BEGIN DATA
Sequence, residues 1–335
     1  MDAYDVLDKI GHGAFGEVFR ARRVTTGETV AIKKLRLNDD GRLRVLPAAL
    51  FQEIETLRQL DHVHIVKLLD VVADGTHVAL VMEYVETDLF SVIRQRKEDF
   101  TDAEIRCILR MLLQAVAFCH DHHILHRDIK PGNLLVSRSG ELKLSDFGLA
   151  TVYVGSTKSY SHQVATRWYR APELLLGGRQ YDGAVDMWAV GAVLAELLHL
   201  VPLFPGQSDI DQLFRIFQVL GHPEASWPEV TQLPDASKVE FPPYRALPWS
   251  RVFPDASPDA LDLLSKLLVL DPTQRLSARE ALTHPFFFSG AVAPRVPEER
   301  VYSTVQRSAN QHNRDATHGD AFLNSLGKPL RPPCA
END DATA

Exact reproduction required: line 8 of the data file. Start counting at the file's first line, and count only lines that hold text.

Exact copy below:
   301  VYSTVQRSAN QHNRDATHGD AFLNSLGKPL RPPCA